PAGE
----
This is just some of the havoc blinkered "rewilding" advocates have unleashed on the rural West, through wolf reintroductions and other initiatives aimed at rebuilding populations of large predators in modern landscapes that simply can't sustain them. These efforts are ushering-in a new round of human-animal conflict that isn't good for people or for "protected" animals.
Here you have a sheep rancher who's been trying to keep the wolves at bay, literally, by working within the system, who can't count on the system's help when federal wolf packs begin decimating his herd. Adding insult to injury, you also have a typically-fanatical wolf advocate, in blame-the-victim fashion, callously arguing that the rancher (who has been denied access to wolf tracking data kept by the state) ought to have known better than to put his animals in harm's way. Finally, lastly, you have government predator controllers, with a clear justification for taking action against the rampaging pack, who are cowed into submission, and call off the hunt, as soon as the howling of the lunatic fringe is heard.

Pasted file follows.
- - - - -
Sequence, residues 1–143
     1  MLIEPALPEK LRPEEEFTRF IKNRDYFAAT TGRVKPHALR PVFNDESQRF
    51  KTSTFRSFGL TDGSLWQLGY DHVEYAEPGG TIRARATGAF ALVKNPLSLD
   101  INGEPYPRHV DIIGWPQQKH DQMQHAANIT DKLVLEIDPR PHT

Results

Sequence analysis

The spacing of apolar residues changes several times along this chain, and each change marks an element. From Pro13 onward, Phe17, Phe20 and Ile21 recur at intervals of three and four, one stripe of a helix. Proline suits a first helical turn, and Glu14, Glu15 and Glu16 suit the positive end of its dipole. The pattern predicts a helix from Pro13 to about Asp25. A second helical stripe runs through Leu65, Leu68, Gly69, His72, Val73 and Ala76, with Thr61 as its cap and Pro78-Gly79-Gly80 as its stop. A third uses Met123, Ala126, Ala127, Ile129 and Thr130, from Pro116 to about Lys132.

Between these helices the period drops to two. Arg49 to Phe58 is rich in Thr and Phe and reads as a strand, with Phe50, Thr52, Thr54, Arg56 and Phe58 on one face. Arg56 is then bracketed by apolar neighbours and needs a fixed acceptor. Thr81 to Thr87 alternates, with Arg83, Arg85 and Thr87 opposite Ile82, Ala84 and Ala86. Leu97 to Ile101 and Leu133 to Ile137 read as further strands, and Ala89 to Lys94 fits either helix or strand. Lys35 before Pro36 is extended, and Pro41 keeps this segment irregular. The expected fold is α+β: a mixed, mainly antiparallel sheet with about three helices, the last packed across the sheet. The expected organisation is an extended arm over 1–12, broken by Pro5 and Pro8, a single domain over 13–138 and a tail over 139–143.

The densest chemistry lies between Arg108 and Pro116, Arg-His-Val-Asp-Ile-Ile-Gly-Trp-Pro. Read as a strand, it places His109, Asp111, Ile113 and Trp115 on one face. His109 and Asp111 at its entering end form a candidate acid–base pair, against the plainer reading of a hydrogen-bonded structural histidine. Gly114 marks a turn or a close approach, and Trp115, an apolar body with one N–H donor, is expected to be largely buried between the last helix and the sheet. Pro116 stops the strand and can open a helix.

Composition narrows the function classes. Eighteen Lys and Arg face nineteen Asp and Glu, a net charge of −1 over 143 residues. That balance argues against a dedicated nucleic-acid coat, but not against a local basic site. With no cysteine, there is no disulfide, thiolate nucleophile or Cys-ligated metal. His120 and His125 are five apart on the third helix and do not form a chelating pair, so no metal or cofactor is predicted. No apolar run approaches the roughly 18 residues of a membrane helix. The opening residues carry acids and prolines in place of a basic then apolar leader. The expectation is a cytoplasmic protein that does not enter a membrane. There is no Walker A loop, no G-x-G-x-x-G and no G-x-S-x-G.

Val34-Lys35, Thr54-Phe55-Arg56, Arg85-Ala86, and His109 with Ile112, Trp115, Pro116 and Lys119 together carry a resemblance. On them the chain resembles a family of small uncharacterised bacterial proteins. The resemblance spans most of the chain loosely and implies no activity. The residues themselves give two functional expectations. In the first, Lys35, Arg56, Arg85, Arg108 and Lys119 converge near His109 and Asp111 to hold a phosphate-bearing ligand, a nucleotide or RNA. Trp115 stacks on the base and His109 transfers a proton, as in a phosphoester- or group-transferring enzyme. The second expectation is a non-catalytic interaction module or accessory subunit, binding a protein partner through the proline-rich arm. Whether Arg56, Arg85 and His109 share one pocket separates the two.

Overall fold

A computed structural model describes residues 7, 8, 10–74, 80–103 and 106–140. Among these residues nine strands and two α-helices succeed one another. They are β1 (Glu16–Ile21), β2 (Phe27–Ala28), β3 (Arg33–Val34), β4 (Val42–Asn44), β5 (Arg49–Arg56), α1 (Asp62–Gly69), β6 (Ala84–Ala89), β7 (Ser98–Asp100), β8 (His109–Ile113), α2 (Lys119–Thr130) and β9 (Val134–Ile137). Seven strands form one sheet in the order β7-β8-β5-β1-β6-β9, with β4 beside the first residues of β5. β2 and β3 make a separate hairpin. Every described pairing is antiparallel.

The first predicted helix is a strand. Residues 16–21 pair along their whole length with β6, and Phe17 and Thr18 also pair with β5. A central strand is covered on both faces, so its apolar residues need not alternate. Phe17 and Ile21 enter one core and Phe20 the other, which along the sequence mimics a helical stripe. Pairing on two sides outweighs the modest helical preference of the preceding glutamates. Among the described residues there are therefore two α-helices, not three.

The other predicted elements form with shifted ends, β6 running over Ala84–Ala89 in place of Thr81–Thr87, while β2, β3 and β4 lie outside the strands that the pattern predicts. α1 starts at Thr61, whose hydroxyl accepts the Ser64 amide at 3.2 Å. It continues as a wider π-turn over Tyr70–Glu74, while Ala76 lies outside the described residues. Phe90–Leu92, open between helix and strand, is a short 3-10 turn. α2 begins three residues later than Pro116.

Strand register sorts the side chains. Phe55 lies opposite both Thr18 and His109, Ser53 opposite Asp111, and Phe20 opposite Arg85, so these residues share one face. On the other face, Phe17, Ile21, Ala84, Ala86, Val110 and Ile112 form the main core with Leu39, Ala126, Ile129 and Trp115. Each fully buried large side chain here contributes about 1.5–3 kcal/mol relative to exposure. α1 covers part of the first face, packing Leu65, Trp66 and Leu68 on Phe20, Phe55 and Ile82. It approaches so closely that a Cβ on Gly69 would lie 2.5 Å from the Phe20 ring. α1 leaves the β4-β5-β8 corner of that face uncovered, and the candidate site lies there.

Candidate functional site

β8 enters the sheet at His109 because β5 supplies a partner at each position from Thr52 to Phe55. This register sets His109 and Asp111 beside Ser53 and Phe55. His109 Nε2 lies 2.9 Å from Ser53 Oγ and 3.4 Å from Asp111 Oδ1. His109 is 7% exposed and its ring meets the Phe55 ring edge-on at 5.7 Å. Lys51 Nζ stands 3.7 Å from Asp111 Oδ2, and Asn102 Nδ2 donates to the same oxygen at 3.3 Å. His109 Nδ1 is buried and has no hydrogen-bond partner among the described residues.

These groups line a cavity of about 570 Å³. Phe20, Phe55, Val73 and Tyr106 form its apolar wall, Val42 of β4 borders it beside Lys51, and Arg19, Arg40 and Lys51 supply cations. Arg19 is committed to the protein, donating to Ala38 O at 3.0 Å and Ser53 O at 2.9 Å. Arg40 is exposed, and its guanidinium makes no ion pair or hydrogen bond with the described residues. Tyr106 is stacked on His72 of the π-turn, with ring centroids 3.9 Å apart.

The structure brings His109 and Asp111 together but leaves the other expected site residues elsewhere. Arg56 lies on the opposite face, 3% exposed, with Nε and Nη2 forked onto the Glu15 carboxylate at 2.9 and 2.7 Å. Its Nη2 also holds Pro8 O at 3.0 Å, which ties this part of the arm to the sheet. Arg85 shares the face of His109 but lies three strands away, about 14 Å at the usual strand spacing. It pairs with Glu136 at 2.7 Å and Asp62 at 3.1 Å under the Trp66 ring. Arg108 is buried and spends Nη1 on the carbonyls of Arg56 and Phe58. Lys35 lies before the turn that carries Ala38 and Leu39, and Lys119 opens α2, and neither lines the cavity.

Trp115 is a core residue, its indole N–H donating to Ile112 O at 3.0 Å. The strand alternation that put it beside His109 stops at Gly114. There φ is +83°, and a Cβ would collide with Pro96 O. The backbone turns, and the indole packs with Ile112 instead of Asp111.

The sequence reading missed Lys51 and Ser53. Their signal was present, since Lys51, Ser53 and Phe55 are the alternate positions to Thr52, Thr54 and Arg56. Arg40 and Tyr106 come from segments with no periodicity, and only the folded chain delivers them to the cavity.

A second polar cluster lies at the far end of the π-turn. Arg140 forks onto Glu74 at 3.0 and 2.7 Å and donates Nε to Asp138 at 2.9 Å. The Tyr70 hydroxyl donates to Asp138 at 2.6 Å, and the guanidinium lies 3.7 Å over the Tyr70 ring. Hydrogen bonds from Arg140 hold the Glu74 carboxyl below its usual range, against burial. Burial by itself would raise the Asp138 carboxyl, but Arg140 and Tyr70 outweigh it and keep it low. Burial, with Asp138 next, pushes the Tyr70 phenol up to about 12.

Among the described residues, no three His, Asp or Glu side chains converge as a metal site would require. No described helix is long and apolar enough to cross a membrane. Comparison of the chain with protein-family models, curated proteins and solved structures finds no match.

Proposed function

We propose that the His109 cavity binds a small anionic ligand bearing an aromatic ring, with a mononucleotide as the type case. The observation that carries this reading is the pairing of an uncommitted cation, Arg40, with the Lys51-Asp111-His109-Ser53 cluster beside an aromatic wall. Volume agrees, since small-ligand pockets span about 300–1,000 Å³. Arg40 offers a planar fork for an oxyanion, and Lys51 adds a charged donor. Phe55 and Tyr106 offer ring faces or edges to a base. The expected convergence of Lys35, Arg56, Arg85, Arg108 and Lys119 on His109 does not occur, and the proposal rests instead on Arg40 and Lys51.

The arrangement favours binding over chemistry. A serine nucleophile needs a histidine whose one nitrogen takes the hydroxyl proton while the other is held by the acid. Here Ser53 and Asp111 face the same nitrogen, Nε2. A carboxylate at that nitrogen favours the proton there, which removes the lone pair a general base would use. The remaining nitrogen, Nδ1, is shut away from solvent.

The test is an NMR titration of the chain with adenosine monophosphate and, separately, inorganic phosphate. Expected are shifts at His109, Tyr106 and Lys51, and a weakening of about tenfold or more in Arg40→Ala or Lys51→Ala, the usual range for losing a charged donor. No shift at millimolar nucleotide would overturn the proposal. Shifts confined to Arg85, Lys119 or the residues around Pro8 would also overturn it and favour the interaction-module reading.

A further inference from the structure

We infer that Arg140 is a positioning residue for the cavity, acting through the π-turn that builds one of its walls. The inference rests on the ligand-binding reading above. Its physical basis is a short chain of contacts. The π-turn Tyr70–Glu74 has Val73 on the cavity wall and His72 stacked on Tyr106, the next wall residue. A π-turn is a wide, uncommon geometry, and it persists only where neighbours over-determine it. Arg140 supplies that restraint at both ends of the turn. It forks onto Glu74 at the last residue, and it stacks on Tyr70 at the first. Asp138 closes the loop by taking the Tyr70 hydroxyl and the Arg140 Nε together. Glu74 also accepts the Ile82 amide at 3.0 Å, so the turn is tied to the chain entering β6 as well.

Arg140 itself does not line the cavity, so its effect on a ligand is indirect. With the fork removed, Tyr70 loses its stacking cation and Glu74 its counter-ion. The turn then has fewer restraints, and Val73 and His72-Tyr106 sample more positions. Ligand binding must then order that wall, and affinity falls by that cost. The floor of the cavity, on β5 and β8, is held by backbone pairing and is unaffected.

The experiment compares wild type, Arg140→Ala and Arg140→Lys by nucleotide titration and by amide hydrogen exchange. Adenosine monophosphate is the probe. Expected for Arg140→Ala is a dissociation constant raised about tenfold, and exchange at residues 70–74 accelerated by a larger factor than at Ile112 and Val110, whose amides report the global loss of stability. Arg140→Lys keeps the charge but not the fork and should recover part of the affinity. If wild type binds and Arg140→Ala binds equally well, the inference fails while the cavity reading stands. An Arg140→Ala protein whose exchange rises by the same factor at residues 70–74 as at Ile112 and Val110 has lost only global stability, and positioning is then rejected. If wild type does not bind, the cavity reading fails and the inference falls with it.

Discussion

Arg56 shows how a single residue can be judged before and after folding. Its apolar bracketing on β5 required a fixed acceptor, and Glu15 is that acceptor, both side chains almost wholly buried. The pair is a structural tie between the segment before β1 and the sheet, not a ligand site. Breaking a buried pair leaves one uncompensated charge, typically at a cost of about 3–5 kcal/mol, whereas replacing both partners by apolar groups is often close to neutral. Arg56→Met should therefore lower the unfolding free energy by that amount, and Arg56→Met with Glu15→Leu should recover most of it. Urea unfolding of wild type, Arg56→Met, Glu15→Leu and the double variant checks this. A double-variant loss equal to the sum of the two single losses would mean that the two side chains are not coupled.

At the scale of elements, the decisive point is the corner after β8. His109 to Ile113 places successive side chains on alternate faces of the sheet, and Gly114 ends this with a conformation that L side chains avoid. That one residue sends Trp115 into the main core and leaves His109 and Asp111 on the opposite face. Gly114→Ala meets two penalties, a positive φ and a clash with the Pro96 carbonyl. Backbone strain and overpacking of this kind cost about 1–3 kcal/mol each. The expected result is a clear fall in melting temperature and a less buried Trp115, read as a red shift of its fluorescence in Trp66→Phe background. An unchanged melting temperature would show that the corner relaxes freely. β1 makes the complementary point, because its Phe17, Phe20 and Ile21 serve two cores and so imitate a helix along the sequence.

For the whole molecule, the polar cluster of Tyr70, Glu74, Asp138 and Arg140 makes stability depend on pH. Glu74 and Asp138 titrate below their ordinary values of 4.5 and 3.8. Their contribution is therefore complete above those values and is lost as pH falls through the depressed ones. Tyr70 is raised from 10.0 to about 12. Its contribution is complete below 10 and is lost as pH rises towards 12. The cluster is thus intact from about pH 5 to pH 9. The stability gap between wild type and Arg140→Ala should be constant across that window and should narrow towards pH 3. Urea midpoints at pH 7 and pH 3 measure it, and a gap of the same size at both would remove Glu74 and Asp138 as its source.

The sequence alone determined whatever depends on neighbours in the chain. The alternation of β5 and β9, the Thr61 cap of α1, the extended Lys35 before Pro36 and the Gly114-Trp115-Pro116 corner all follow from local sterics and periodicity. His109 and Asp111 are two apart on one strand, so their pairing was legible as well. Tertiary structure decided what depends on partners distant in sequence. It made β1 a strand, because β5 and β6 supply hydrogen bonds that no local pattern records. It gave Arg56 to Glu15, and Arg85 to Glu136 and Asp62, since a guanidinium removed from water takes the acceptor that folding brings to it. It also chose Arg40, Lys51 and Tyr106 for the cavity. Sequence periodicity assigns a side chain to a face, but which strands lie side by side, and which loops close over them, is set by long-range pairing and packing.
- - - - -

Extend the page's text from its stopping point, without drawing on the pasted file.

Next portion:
Thus you have, in microcosm, a story repeated too often since Washington began forcing wolves down the West's throat, with the heartfelt support of east coast editorial writers, non-Western politicians and animal worshipers of various stripes -- none of which have to deal directly with the consequences when these feel-good science fair projects go awry.
We need less romanticism and more realism in how these efforts are pursued, since it's impossible to recreate conditions in the "New West" that perfectly mimic those in the "Old West," except perhaps on a relatively modest scale in very remote locales. Pushing things too far is itself a form of animal cruelty, since it's the "protected" species that arguably suffer most when these rewilding experiments run amok.